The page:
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[liberationtech] Safe app like Dropbox?

John Adams jna at retina.net
Mon Jan 7 14:20:28 PST 2013


On Sun, Jan 6, 2013 at 1:47 PM, Jacob Appelbaum <jacob at appelbaum.net> wrote:

> I generally agree that the data should be encrypted, though I think it
> should also be authenticated and integrity checked before it is actually
> used.
>

If this level of paranoia is relevant to you, then maintain multiple
offline SHA, MD5, and other checksum formats before use.

It would be trivial to script this outside of Dropbox's scope.


> I also think most disk images are not actually that difficult to brute
> force - I was involved in a project to perform FileVault bruteforcing
> accelerated by an FPGA a few years ago. With a modern GPU, I think
> things are pretty slanted toward the attacker.
>

Saying that it's possible to break all encryption, all the time, is a
non-answer and doesn't address practical uses of cryptography. It also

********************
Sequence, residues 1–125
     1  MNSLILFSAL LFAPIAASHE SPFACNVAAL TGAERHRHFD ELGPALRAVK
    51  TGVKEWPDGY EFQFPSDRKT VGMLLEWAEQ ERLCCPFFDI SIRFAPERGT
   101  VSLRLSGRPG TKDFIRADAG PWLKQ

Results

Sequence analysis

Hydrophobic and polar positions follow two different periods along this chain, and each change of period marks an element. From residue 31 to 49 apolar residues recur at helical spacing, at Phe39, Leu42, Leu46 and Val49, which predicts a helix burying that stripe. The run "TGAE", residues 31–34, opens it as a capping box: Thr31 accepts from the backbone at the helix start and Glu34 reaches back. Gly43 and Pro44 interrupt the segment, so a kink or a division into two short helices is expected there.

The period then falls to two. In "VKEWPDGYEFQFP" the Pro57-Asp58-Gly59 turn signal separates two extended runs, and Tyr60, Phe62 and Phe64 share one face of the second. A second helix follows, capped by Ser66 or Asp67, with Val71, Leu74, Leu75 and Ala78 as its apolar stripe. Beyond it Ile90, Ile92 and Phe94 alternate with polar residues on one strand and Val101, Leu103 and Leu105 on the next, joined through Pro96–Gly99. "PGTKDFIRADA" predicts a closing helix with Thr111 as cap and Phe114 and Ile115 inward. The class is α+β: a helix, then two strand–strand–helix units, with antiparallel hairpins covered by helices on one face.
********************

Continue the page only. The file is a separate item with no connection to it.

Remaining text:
creates an environment of fear for casual users. In the case of pure AES
(and not putting reliance on flaws in the implementation of systems like
Filevault), a reasonable attack on the algorithm still doesn't exist. (see:
http://www.schneier.com/blog/archives/2012/03/can_the_nsa_bre.html)

What the user needs to do is to measure acceptable risk and weigh that
against the encryption system being used. It's also relevant to know the
validity of the information and the required amount of time it takes to
break the file. If you said 'meet me here next week' and it takes three
weeks to break AES-256, then I don't really care if you find out where I
was weeks ago.


> In this - I rather like what I've read about SpiderOak but I haven't
> seen a totally free implementation of the client or the server side...


I haven't looked at it, but I'd like to.

-john
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